The quarantine has taken is toll on us all, and as some people are more preoccupied for the economy and their haircuts, others are more concern about how this pandemic has changed the world, and how the COVID19 virus can affect their health. We know that the plagues and the pandemics have happened before and humanity has survived it, barely, so we just need to be patient and do everything in our hands to protect us and the rest of the world.
As we are seeing the light at the end of the tunnel, I find fascinating how this quarantine situation allowed humanity to turn around to the arts, that have been neglected by us for a long time. People now have the time to actually see the beautify of a play, the melodious of a concern, the power of a novel, and the need to spend time with each other. Although it is sad to know that we had to come to this terms to appreciate them, we have a list of titles that can actually help you see how the plagues from the past and how the artists have embedded their present into our lives!
Check and read these novels so that you can find some tranquility into this tumultuous times!
The Plague by Albert Camus
Camus has been one of the most impactful authors. Not only for his approach to the futile of life and human’s existence but for how he has seen that plagues tend to be more than a virus. Allegedly, “The Plague” covers the French resistance to the Nazi occupation in WWII that as a plague decimated a great proportion of the Oran’s population. So, is it needed to question if this novel can also, allegedly, see poor and ignorance governments as a plague that is destroying humanity?
Journal of the Plague Year by Daniel Defoe
Not too far from the current events, Daniel Defoe goes over his memories when he was 5 years old to recount how the bubonic plagued swept almost ten thousand people. In a “Journal of the Plague Year” Defoe describes how the plague got the London streets empty of people, houses marked with crosses as a symbol of the presence of the sickness and the human suffering. You know what they say, the point of studying history is to avoid committing the same mistakes and to learn from the past.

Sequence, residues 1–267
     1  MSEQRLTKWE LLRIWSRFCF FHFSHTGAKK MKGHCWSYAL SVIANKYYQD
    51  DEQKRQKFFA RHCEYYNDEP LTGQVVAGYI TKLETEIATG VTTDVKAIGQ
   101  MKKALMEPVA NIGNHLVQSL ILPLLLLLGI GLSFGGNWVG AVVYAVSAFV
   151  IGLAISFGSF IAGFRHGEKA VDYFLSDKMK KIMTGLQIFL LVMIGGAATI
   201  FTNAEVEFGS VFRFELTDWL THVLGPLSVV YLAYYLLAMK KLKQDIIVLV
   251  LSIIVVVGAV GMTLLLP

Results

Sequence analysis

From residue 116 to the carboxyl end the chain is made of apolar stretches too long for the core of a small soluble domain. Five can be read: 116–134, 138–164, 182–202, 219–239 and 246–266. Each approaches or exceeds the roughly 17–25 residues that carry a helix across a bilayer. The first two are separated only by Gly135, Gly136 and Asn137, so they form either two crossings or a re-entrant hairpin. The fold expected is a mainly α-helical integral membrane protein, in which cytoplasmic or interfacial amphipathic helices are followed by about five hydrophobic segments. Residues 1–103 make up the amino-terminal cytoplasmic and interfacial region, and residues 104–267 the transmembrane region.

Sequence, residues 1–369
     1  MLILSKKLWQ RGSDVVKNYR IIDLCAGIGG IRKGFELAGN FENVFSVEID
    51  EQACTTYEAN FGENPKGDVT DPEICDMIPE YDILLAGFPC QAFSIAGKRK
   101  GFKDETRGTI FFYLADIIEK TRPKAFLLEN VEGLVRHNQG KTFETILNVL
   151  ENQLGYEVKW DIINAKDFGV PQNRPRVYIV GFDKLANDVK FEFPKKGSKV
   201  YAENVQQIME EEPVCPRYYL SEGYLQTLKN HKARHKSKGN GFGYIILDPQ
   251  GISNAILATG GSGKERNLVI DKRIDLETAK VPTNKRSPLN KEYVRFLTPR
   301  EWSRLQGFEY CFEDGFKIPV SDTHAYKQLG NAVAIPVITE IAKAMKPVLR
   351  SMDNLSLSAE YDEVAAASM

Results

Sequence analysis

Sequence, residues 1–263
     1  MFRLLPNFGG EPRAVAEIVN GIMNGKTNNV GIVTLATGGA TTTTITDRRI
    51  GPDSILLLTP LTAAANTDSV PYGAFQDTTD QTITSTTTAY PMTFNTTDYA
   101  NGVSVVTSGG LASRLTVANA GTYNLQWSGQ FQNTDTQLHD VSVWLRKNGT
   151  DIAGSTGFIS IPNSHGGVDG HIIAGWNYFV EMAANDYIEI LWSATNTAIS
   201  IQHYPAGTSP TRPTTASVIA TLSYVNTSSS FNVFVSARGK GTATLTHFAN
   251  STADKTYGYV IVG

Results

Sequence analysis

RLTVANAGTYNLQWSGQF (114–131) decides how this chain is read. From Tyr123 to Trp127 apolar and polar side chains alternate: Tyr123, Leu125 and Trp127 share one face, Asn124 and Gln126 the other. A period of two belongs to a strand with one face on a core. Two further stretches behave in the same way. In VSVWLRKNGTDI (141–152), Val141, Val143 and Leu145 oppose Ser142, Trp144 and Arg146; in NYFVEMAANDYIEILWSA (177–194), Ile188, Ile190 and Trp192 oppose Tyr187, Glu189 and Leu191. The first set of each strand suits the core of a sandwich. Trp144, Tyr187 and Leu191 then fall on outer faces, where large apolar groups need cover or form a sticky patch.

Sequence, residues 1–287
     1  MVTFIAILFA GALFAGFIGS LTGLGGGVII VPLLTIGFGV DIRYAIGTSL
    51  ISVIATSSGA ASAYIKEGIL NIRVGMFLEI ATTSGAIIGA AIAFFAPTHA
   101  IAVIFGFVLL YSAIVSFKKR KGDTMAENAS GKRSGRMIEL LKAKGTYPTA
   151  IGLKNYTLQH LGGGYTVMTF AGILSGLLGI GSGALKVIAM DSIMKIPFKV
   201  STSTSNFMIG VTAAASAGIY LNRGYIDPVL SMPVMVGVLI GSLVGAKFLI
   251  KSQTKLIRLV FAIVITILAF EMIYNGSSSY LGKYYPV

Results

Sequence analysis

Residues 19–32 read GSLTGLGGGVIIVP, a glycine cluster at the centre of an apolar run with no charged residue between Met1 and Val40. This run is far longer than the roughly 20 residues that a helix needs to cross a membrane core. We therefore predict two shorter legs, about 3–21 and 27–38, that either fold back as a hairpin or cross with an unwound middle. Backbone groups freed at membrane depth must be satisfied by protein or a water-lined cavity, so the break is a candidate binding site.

The Scarlet Plague by Jack London
A world that was decimated again by a red plague that killed almost every human. Now, nobody can remember what brought this decimation or how the world was before, arts are gone, and the only hope to remember this tragic past is an old man who was there when it all happened. In a new savage society, “The Scarlet Plague” covers how resilient humanity is and turns into a terrifying prophecy of the perils of globalization.
The Strain by Guillermo del Toro
Sadly enough, the covid19 pandemic has attacked New York hard, and the deaths are piling up. However, we can still make it out victorious! Guillermo del Toro and Chuck Hogan collaborated to bring the story of a vampiric virus that is threatening to destroy New York. Abraham Setrakian, a survival from the holocaust, knows what is happening so a group of survivor of this plague join forces to stop the cataclysm that seems impossible to stop. “The Strain” is a recount on how we should all stay and work together to overcome the darkest times that are overwhelming us.
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